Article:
Breathe easy - chances are you'll never catch it
Education secretary Michael Suen Ming-yeung was among 17 reported cases of legionnaires' disease last year, the seventh straight year in which case figures have hit double digits.
Legionnaires' disease, a form of pneumonia, was made a notifiable disease in Hong Kong in March 1994, but previously the number of annual cases could be counted on one hand, according to statistics from the Health Department.
Suen is believed to have contracted the illness from his private washroom at the new Tamar government headquarters, which has been found to be contaminated with bacterium that causes the disease.
Should we be worried?
'We need to be aware of the disease, but there is no reason to be overly worried about it,' says Dr Samson Wong Sai-yin, an assistant professor at the University of Hong Kong's microbiology faculty.
'The disease is not common,' says Professor Sian Griffiths, chairwoman of Hong Kong's Prevention of Legionnaires' Disease Committee and director of Chinese University's school of public health and primary care. 'Often, patients have other pathologies and usually recover.'
Further, the disease is not transmitted by person-to-person contact, eating or drinking, according to a Health Department spokesman.
Wong says the apparent increase in the number of confirmed cases reflects 'a much easier and more sensitive diagnosis' that was introduced to government laboratories in 2005.
In the past, the disease could be confirmed by only either culturing the responsible bacterium, Legionella pneumophila, from the respiratory specimens (such as phlegm) of patients, or showing an increased level of antibodies against the bacteria in the blood of patients. Both tests were rather insensitive and tedious.
The latest test, says Wong, looks for the presence of legionella antigen (certain molecules from the bacterial cells) in urine, which has been shown to be very sensitive in picking up the infection.
'Therefore, with this sensitive test, and more doctors being aware of the disease - and hence request the test more often - we are picking up more cases,' he says.
The Health Department spokesman noted that a rising trend of legionnaires' disease has been reported by a number of countries, such as the US (from 0.39 to 1.15 per 100,000 from 2000 to 2009) and Britain (from 0.31 in 2000 to 0.61 in 2009).
'The annual notification rate in Hong Kong [0.53 in 2010] is lower than countries, like the US and Britain, and all reported cases were sporadic cases without evidence of outbreak,' the spokesman says.
An outbreak in July 1976 among delegates attending an American Legion Convention in Philadelphia first brought attention to the disease. More than 200 cases were reported and 34 people died. Medical investigations identified the previously unknown bacterium, which was subsequently named Legionella pneumophila.
Wong says the bacterium is ubiquitous in the environment in fresh water, and can often be found in places such as cooling towers, potable water systems, decorative fountains and whirlpools.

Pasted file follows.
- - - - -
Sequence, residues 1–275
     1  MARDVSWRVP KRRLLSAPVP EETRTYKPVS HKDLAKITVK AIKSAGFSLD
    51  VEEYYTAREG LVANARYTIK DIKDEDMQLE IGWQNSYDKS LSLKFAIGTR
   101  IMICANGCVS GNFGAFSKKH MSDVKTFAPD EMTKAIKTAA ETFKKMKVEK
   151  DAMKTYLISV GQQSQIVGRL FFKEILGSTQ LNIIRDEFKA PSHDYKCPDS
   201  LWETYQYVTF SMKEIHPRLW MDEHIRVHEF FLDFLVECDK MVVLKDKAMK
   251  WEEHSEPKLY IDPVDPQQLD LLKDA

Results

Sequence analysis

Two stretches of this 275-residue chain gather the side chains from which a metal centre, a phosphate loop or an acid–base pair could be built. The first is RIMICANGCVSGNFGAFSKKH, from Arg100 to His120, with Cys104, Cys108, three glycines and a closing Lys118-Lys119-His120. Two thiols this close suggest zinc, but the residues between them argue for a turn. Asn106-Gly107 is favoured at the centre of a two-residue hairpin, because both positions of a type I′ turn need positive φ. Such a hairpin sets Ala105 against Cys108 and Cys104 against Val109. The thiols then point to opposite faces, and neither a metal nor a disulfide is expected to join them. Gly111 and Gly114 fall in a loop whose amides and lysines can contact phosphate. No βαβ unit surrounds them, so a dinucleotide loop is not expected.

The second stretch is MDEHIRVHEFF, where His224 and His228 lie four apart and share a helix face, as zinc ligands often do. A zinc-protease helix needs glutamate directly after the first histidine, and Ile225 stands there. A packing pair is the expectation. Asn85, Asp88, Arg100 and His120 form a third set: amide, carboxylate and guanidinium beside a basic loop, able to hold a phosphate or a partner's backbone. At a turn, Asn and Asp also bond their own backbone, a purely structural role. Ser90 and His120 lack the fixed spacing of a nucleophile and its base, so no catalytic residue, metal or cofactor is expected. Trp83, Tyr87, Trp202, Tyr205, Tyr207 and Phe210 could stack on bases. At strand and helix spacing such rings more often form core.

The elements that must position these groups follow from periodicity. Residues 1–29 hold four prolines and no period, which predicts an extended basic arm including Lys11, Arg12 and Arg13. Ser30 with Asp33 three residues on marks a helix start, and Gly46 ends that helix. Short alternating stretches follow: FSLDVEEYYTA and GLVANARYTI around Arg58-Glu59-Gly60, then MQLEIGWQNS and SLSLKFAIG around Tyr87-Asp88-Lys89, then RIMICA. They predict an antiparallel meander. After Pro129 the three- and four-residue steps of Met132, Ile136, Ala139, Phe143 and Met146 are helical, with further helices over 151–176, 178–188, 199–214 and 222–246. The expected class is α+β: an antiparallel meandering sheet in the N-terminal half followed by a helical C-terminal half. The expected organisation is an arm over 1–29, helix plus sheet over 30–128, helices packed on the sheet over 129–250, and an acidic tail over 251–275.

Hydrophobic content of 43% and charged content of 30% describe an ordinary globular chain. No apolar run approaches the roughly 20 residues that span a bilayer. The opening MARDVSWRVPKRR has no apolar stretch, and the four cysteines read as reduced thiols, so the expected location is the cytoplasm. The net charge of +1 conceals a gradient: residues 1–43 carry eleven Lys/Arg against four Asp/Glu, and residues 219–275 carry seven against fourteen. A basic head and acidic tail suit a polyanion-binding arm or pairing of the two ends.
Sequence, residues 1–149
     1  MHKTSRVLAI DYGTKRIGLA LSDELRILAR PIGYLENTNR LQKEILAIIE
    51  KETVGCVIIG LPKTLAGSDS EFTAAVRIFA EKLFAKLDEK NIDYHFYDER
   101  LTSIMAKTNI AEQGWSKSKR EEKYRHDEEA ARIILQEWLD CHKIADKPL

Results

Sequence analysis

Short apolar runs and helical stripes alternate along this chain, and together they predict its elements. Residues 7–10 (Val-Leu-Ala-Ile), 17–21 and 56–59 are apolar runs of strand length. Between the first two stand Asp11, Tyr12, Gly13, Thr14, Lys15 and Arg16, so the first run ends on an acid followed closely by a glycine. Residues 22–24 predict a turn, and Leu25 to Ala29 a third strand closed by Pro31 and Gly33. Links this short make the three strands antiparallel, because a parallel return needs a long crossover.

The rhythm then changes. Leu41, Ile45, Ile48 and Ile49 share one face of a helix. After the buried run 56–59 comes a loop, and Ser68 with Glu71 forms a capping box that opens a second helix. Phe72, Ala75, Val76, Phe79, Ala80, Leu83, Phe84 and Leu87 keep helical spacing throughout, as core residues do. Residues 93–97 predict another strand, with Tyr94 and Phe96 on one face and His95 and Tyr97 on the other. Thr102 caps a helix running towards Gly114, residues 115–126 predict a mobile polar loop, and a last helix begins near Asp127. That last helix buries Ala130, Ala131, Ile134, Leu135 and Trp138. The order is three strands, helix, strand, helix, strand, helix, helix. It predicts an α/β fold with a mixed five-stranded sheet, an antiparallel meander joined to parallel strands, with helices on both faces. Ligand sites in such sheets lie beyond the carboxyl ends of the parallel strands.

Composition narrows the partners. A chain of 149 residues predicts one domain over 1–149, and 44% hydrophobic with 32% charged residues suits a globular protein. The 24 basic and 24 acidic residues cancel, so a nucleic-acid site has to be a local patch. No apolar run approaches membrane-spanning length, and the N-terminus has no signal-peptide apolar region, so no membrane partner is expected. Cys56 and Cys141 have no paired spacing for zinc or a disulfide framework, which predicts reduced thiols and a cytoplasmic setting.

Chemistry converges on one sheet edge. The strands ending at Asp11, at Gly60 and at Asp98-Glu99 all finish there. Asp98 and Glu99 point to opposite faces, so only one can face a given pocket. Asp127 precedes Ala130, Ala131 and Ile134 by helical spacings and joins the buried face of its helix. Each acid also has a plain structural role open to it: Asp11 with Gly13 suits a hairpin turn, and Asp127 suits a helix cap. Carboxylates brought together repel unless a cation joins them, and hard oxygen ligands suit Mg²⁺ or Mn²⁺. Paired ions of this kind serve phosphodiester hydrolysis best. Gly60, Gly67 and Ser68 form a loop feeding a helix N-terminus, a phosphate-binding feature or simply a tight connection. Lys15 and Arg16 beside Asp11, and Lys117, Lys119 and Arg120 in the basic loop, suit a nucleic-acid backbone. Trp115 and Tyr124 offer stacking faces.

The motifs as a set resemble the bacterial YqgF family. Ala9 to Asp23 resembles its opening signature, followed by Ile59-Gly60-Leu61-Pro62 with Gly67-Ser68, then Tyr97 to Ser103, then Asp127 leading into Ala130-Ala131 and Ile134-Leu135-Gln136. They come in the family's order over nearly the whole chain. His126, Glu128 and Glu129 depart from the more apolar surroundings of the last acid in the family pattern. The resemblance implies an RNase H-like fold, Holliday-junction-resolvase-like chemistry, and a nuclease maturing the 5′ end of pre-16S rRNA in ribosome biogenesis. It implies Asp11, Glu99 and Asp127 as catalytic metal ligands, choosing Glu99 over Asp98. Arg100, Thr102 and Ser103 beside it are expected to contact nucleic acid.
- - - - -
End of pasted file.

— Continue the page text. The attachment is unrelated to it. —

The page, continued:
Infection usually occurs when the bacterium enters a person's airways, such as inhalation of contaminated tiny water droplets while taking a shower or walking past a fountain.
The Health Department spokesman adds that infection may also occur when handling garden soil, compost and potting mixes. The bacterium grows well in water at temperatures between 25 and 40 degrees Celsius.
'Most of us will be exposed to the bacterium once in a while, but very few of us will come down with the disease,' he says. 'It's only the high-risk people who are likely to develop the disease after exposure.'
This group includes organ transplant recipients, smokers, the elderly, those with chronic lung diseases, people with suppressed immune systems (such as cancer patients), diabetics, alcoholics and renal failure patients.
Disease can manifest in two ways, Wong says. One is Pontiac fever, a flu-like illness that is self-limiting (in other words, nothing worse than diarrhoea or a cold). Unless it is part of an outbreak investigation, Wong says, most patients will not be diagnosed because the disease is rather mild and most clinicians will not specifically test for Legionella.
'The more classic disease is legionnaires' disease,' he says.
However, because its symptoms and manifestations are similar to other causes of pneumonia, Wong says the disease is not always distinguishable without further laboratory testing. It is generally believed that the disease causes a more severe form of pneumonia, resulting in death for 13 to 33 per cent of patients.
As there is no vaccine for the disease, prevention is key. Wong recommends the following:
At home, make sure that water taps and shower heads are clean and not clogged by scales. Change them if they're blocked. Ensure your building's water tanks and pipes are cleaned regularly.
High-risk individuals should take caution when using humidifiers at home. Clean and disinfect such equipment regularly. There have been cases of infection from humidifiers colonised by bacteria.
Owners of cooling towers and freshwater facilities should maintain them regularly.
Frontline health-care workers should be aware of the possibility of infection when working with a patient with pneumonia, and investigations should be performed when in doubt. This is especially important for high-risk patients so that the correct medication can be given in time.